Relevance of animal models to human eating disorders and obesity
Background and rationale
This review addresses the role animal models play in contributing to our knowledge about the eating disorders anorexia nervosa (AN) and bulimia nervosa (BN) and obesity.
Explore the usefulness of animal models in complex biobehavioral familial conditions, such as AN, BN, and obesity, that involve interactions among genetic, physiologic, psychological, and cultural factors.
Results and conclusions
The most promising animal model to mimic AN is the activity-based anorexia rodent model leading to pathological weight loss. The paradigm incorporates reward elements of the drive for activity in the presence of an appetite and allows the use of genetically modified animals. For BN, the sham-feeding preparation in rodents equipped with a gastric fistula appears to be best suited to reproduce the postprandial emesis and the defects in satiety. Animal models that incorporate genes linked to behavior and mood may clarify biobehavioral processes underlying AN and BN. By contrast, a relative abundance of animal models has contributed to our understanding of human obesity. Both environmental and genetic determinants of obesity have been modeled in rodents. Here, we consider single gene mutant obesity models, along with models of obesigenic environmental conditions. The contributions of animal models to obesity research are illustrated by their utility for identifying genes linked to human obesity, for elucidating the pathways that regulate body weight and for the identification of potential therapeutic targets. The utility of these models may be further improved by exploring the impact of experimental manipulations on the behavioral determinants of energy balance.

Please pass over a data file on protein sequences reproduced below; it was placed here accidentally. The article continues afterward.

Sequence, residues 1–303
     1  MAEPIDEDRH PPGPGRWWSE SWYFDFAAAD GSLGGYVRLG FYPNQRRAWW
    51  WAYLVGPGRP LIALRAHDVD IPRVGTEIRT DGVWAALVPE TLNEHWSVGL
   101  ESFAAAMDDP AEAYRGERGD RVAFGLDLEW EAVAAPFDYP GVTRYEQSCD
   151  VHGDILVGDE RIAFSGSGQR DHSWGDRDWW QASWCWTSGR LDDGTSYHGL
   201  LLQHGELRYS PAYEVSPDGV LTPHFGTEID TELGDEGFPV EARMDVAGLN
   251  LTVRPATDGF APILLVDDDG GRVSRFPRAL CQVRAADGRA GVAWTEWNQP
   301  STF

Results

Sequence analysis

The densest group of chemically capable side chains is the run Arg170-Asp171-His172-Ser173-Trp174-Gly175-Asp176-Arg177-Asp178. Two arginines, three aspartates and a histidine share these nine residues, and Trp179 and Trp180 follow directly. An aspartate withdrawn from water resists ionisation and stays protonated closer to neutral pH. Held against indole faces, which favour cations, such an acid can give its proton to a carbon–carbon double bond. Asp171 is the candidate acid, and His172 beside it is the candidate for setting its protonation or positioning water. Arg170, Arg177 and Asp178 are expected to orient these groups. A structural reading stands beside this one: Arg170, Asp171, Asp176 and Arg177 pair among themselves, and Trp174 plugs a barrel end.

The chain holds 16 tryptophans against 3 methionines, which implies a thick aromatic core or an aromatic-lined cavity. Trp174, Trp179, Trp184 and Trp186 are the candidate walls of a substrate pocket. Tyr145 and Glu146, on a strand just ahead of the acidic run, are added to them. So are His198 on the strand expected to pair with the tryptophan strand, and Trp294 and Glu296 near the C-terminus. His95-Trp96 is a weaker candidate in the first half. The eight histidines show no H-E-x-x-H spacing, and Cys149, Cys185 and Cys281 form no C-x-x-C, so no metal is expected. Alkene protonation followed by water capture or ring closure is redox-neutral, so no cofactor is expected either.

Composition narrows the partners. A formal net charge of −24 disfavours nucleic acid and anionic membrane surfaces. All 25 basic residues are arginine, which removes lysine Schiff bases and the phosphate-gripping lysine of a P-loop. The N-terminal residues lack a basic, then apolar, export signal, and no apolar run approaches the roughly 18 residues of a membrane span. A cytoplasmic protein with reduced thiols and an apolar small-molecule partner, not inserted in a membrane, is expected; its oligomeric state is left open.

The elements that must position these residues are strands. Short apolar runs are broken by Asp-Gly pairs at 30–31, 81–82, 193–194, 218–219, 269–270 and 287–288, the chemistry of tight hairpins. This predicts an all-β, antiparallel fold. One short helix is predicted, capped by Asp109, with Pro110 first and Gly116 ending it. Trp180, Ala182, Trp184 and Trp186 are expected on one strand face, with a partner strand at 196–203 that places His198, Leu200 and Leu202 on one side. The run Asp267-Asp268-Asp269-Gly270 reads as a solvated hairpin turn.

- Relevance of animal models to human eating disorders and obesity
Volume 199, Issue 3 , pp 313-329
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- Animal model
- Anorexia nervosa
- Gene regulation
- Bulimia nervosa
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- Author Affiliations
- 1. Department of Psychiatry and Behavioral Sciences, Stanford University School of Medicine, 401 Quarry Road, Stanford, CA, 94305-5723, USA
- 2. Department of Psychiatry, University of California, San Francisco, 1550 4th Street, San Francisco, CA, 94143-2822, USA